6 CIO duties that make it one of the hardest jobs in the C-suite
Every member of the C-suite has a demanding job. From the CEO, who establishes the company’s vision, to the CMO, who understands the customers, C-suite executives are leading the way in transforming their companies. And, with 72 percent of data professionals seeing digital disruption as a threat in the next three years, staying digitally revolutionary has never been more essential. One leadership position takes this challenge head on: the CIO.
Though CIO duties used to revolve around enabling the organization, CIOs now focus on innovating and leading the way in the digital reinvention of the entire business, from strategy to execution. CIOs are responsible for creating business value through implementing technology, developing customer experience platforms, managing risk and security and strategically planning growth opportunities, among a long list of other management duties — all while driving the company to become a digital business.
Specifically, CIOs now do the following:
1. Innovating and operating
Common CIO duties require them to put out operational fires, such as down networks, inaccessible business applications and IT security risks, all while continuously improving the technology infrastructure of the entire business. Ranking the importance of these tasks is nearly impossible, with 76 percent of CIOs saying their biggest risk is IT security. However, as industries converge, competition is coming from outside traditional business classifications, making the need to be a digital innovator as crucial as ever. Every CIO is constantly balancing the act of maintaining current processes, securing data and driving digital transformation.
2. Working with the CMO to serve the customer
The increasing importance of customer experience is encouraging these two executives to work together. Only 36 percent of CIOs take customer feedback into account when identifying and exploring new trends, compared to 61 percent of CMOs. As customer experience focuses on both technology and growth, both the CMO and CIO need to look at their customers as the driving factors for all decisions. The CIO also needs to ensure the value of innovative technologies, such as advertising technology and marketing technology, is being properly communicated to the CMO. Both leaders are responsible for keeping technology and marketing projects in line with company goals and creating engaging customer experiences that stay within the IT budget.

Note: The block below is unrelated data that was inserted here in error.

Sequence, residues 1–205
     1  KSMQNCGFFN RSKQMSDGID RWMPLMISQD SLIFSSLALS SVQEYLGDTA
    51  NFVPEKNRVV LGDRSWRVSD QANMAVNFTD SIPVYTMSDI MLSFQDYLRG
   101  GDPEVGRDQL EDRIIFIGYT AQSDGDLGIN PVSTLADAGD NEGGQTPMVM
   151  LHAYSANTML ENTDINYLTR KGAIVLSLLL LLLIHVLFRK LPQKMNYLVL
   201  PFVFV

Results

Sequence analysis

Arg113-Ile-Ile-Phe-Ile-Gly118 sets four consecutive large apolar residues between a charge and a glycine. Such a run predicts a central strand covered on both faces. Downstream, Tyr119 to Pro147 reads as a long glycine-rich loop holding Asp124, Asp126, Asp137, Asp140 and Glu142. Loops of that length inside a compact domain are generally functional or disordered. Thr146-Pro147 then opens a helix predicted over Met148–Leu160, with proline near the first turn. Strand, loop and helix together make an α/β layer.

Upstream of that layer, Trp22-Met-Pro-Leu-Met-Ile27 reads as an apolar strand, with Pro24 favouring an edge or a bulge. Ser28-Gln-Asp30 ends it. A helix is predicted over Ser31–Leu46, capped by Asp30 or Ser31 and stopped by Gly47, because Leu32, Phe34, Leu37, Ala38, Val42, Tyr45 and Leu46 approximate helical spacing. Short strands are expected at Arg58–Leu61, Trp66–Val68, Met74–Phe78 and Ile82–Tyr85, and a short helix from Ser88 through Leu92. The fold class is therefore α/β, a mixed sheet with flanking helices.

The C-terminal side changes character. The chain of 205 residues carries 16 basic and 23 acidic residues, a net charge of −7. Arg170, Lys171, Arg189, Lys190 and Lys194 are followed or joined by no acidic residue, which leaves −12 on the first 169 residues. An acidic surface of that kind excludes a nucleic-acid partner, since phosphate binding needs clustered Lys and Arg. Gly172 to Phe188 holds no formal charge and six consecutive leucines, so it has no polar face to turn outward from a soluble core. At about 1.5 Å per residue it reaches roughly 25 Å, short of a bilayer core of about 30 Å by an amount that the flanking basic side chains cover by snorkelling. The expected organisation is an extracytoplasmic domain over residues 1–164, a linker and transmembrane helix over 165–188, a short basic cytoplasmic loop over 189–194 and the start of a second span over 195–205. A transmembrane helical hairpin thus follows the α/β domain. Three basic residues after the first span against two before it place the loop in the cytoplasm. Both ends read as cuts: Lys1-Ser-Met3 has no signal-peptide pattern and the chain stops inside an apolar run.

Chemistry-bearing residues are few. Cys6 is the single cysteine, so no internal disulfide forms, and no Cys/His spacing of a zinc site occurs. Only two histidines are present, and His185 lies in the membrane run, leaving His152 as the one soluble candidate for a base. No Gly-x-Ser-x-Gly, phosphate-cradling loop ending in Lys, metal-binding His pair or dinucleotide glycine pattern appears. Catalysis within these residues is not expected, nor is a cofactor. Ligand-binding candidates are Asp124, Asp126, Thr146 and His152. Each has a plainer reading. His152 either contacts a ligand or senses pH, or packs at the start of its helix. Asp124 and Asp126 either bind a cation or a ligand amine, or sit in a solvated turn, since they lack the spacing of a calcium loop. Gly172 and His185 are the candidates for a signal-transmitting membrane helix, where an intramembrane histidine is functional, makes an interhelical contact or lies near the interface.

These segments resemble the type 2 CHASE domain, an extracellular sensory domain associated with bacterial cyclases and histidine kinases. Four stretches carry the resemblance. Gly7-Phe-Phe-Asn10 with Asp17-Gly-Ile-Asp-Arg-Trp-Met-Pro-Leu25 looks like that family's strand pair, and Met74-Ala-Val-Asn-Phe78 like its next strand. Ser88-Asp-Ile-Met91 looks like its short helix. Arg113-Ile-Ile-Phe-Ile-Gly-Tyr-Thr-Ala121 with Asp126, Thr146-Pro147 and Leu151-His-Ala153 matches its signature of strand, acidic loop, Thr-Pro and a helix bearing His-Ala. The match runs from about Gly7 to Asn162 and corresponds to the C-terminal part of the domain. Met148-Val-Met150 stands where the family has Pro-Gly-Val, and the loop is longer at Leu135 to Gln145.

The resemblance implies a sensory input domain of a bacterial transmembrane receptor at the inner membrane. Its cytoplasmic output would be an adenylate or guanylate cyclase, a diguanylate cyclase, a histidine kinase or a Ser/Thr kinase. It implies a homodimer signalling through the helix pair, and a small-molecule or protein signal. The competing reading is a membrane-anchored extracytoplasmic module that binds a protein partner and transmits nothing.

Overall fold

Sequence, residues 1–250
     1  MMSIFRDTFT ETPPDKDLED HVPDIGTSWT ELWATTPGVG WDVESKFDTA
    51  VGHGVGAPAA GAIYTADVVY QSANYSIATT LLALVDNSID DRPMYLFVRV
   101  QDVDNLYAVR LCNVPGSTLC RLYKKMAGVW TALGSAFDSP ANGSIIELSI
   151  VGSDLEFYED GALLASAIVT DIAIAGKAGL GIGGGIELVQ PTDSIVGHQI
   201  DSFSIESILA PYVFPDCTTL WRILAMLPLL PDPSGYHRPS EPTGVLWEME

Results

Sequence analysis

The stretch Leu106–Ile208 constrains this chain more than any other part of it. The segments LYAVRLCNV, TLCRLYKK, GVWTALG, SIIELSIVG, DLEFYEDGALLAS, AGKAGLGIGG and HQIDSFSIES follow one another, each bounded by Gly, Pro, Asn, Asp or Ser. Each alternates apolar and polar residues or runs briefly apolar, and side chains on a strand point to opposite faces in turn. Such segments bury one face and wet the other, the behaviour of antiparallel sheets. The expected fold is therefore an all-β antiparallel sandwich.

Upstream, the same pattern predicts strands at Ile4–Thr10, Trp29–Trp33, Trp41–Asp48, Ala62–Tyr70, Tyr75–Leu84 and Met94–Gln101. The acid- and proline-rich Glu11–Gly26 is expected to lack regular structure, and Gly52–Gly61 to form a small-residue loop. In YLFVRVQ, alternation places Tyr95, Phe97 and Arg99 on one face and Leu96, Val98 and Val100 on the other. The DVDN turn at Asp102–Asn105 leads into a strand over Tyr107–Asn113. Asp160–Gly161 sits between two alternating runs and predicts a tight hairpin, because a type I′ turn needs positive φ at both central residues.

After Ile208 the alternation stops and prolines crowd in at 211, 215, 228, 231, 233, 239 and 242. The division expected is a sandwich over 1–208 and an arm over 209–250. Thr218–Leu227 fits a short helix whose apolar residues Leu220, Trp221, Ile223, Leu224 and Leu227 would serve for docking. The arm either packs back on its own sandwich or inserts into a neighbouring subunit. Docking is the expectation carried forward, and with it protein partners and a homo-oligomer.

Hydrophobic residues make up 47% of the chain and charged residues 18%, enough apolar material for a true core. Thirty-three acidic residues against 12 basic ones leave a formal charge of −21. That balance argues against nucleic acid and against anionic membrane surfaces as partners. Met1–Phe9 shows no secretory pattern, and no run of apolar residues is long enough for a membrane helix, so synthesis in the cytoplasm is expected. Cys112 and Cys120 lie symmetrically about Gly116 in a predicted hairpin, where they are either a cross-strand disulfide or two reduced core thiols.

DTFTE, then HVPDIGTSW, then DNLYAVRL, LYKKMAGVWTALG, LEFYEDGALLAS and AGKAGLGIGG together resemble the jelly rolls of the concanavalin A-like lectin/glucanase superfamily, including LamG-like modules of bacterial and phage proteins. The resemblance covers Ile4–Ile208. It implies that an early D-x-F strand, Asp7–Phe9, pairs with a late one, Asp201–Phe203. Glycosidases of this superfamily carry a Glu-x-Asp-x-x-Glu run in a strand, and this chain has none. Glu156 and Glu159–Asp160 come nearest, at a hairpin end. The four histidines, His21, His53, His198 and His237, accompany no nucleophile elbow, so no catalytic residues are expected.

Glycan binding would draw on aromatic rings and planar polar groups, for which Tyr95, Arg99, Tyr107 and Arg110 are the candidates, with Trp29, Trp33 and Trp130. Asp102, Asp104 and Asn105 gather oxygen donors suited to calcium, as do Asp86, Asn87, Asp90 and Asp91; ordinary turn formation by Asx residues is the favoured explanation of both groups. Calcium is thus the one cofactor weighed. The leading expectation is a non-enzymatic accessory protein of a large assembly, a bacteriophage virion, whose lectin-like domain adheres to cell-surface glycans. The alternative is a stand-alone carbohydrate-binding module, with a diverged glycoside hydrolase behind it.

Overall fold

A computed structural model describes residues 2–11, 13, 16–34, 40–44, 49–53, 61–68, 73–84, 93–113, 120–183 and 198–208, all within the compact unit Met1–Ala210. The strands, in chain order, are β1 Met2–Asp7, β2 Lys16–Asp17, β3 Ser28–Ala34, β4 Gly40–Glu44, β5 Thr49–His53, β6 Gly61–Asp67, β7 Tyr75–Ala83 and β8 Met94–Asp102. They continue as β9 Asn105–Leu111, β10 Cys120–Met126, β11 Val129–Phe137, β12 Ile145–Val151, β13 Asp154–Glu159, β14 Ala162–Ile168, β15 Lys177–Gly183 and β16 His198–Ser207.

3. Maintaining alignment with the rest of the organization
CIOs must also support the entire business strategy as a whole. Specifically, they must stay on top of what new technologies the enterprise needs for its customer service agents, external data sources, engineers and salespeople. Those leaders who are continuously innovating are nearly three times as likely to say they can detect and quickly respond to changing conditions in their organizations.
4. Revamping and improving IT infrastructure
They also need to ensure these systems are scalable, dependable and secure as the business continues to evolve. CIOs can no longer think of their IT infrastructure bounded by the walls of their data centers. Services will be delivered with data, systems and applications composed on-premises and in the cloud. This means they will need infrastructure built on open systems with security built from the ground up and with the capability to rapidly extract insights from data, no matter where it resides.
5. Retaining in-demand technology skills
Eighty percent of CIOs consider skills development a top priority. As technologies such as blockchain, Swift and artificial intelligence gain traction, the development of new digital skills is exponentially increasing among CIO duties. Unfortunately, the supply of individuals with these new digital skills is not growing. CIOs from companies with reputations as leading innovators and impressive financial records are 18 percent more likely to invest in developing employee IT skills, further cementing skills as an essential area to prioritize.
6. Knowing that expectations will continue to grow
A 2015 Forrester report declared, “All companies are data businesses now.” The amount of data companies are able to collect is only going to grow with the help of these digital innovations. CIOs need to be able to access and make sense of vast, growing amounts of structured and unstructured data. By 2020, IDC predicts organizations that can analyze relevant data and extract useful insight will see $430 billion in productivity benefits. As the position of CIO expands to touch every single part of the organization, more responsibility will be given to those who hold the position and, ultimately, more successes and failures will be attributed to them and their teams.
The need to digitally reinvent has become a survival skill for CIOs. It’s challenging to drive toward the future while continuing to deliver technology and business results on a daily basis. Top CIOs can shape the future for their enterprises, enabling data-driven insight, accelerating innovation and creating exceptional experiences for clients and employees alike. The trick may be avoiding limited approaches and focusing on skills and ecosystems that drive sustained advantage.
CIOs, you don’t have to go at it alone. Ecosystems and partnerships can spur innovation and faster progression. For more, discover the right next step for you.
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May 30, 2017 at 03:12AM